Pow wow brings past and future together for Native Americans
This article first appeared in the St. Louis Beacon, March 30, 2009 - Just off the neat pavement of Washington University, the thundering echo of a drumbeat lures unsuspecting bystanders into the heart of the gymnasium, where Native Americans from all over the United States gathered for an annual pow wow with their crafts, dancing skills and regalia.
They traveled far to meet with others who share their heritage. Young children wiggle impatiently as parents twist their long black locks into braids and adorn their small frames with bold and beaded frocks in preparation for the Grand Entry. Teens and 20-something men don brilliant plumes, bells and porcupine quills. These men are called "fancy dancers," as they gesticulate boldly in an athletic style of dance that delights and fascinates with its precise rhythm.
Adrian Primeaux, a 23-year-old student who grew up on a reservation in South Dakota, wears a brightly beaded breastplate and handkerchief. On his head he sports a head roach, a headdress made of colored porcupine quills. He says that, traditionally, only certain tribes wear the headdresses, but modern convention has changed things.
"Nowadays, it's like a contemporary form of pow-wow dress," he explains. "No matter what tribe they are from, everybody wears the head roach, everybody wears a headband, everybody wears the same kind of moccasins, and beaded stuff."
The beadwork is brilliant. Vendors from far and wide come to peddle their handcrafted wares. Bead artisan Leona Davenport didn't have to come far from her home in Wright City for this gathering, but she travels to out-of-state pow wows throughout the year.
"It's like a family reunion," Davenport says.
She says that the pow wows remind her of her childhood, going to pow wows with her parents. (Both were Native American.)."Every year [Indians who live out of state] would come for the pow wow. That was the only time you saw everybody."
Davenport's handcrafted wares range from necklaces and other jewelry to moccasins and purses. Her mother taught her the craft when she was 7 years old. Now she meets and talks with other artisans, sometimes purchasing silverwork or other jewelry to sell on her travels.
Small children wearing bright regalia stop and look at Davenport's wares. Many children begin dancing very young, and some are carried by their mothers during traditional dances.
"It's hard to describe how you feel, the connection," says Davenport. "Because when I was really young I used to dance like those kids do."
Liz Sanchez Setzer
Liz Sanchez Setzer's two, now grown, children used to dance at Cahokia Mounds, one of the Midwest's most visited Native American historic sites.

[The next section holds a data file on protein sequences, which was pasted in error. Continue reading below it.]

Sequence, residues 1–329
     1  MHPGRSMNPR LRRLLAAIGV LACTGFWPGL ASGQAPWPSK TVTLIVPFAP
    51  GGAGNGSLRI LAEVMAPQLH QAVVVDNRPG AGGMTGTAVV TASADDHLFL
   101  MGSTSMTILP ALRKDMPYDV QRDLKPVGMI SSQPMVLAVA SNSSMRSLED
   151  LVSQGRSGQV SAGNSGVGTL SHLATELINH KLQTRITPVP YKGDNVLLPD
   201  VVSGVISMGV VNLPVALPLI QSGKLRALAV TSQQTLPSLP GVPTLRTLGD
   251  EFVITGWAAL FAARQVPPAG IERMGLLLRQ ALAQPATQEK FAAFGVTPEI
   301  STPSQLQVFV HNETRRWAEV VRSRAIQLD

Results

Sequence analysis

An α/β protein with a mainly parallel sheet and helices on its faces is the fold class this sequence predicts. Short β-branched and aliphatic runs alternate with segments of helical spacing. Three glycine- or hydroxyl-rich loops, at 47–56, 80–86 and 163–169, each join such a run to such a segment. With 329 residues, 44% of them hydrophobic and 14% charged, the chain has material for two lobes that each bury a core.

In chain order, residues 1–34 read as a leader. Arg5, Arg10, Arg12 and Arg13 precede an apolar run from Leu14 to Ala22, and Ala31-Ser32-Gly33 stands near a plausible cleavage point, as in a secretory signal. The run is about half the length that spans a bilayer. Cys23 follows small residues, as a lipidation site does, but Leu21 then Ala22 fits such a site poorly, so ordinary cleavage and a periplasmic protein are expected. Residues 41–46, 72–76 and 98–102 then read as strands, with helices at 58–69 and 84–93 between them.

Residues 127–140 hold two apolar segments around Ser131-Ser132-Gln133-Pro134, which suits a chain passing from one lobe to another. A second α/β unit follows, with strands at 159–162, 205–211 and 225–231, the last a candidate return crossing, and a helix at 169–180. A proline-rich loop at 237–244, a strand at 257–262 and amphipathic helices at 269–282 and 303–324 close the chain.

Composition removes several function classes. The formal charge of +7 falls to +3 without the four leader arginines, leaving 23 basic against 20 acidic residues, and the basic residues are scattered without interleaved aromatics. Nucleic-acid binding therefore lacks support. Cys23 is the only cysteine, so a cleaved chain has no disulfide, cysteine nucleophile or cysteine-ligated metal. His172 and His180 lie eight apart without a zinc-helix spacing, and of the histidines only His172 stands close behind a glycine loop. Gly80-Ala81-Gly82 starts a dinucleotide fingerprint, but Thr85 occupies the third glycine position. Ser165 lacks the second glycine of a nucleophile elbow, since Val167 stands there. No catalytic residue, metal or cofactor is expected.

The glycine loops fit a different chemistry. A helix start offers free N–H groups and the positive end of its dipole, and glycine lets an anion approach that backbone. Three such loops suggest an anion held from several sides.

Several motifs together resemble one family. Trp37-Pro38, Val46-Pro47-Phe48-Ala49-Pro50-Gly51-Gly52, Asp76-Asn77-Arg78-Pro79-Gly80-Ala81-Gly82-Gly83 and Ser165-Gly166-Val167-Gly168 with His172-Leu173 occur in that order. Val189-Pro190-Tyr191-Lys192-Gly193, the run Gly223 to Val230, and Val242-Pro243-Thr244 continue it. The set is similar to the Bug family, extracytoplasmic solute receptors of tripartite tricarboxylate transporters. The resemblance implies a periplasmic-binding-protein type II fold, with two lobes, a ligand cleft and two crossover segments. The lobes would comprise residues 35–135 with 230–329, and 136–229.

"They were filmed at Cahokia Mounds by National Geographic," Setzer says. "They both had to learn to do their own regalia."
Setzer's heritage is important to her. Her father's family was Comanche; and, although her father was a drummer, she says that he didn't talk much about his heritage because he came from a poor background. She and her family, however, became very involved in the Native American community and she served on the board of the American Indian Council in St. Louis in the '70s.
"We always try to keep up with our heritage by coming to a pow wow whenever we can -- eat the food and listen to the music," she explains.
Native American food is simple: Fry bread with honey, beef or chicken soups and corn bread.
"All of the Native American people have very good teeth," says Setzer. "That's because they never had sweets, potato chips or greasy foods."
Looking around and seeing all of the clear skin, shiny hair and white, strong teeth indicates that the Native American diet may not be a bad idea. Setzer, a widow, says that because her kids have moved away she has no one to cook for, so she stocks up on the cuisine when she comes to pow wows.
The cuisine, however, takes a back seat to the brilliant display of the Grand Entry as the moment finally arrives. Flashy feathers, brilliant fringe, beads and even sequins swish and jingle slowly around the floor in time to the thumping drum. The rainbow of dancers of all ages and from all tribes bounce, jump and stomp the rhythm. Tiny children mimic the adults as the dance circle spirals clockwise inward toward the drum circle. Singers chant as the beat intensifies.
"The drum is like a heartbeat," Setzer says, tearing up. "It never ends and it makes me feel good."
Solange Deschatres is a freelance writer.